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The OIG and Physician Compensation

Physicians who enter into compensation arrangements commonly known as Medical Director Agreements must ensure that those arrangements reflect fair market value for bona fide services the physicians actually provide. Although many compensation arrangements are legitimate, a compensation arrangement may violate the anti-kickback statute if even one purpose of the arrangement is to compensate a physician for his or her past or future referrals of Federal health care program business.

The OIG has been investigating individual physicians who entered into questionable compensation arrangements, alleging that the compensation paid to these physicians under medical directorship arrangements constituted improper remuneration under the anti-kickback statute for several reasons. Reasons including that the payments took into account the physicians’ volume or value of referrals and did not reflect fair market value for the services to be performed, and because the physicians did not actually provide the services called for under the agreements. Those who commit fraud involving Federal health care programs are subject to possible criminal, civil, and administrative sanctions.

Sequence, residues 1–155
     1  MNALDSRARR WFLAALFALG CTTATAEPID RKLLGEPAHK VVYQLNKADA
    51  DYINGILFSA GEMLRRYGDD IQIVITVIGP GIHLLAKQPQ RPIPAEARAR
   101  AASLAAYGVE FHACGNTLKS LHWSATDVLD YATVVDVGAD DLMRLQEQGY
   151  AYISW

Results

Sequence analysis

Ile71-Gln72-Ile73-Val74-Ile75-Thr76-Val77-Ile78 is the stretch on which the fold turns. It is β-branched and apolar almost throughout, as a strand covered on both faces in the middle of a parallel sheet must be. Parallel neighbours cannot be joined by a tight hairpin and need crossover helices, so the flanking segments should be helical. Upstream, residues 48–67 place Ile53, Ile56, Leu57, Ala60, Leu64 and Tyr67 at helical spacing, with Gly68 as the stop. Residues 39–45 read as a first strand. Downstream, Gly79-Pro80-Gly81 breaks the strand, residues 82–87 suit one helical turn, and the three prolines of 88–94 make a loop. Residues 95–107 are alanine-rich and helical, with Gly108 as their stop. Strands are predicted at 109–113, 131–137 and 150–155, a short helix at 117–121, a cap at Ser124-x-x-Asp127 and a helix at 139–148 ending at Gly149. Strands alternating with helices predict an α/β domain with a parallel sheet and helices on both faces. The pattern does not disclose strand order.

Due to the OIG’s increased scrutiny of Medical Director Agreements it is important that such documents meet the elements of the Safe Harbor to limit exposure to both the physician and the entity paying the physician.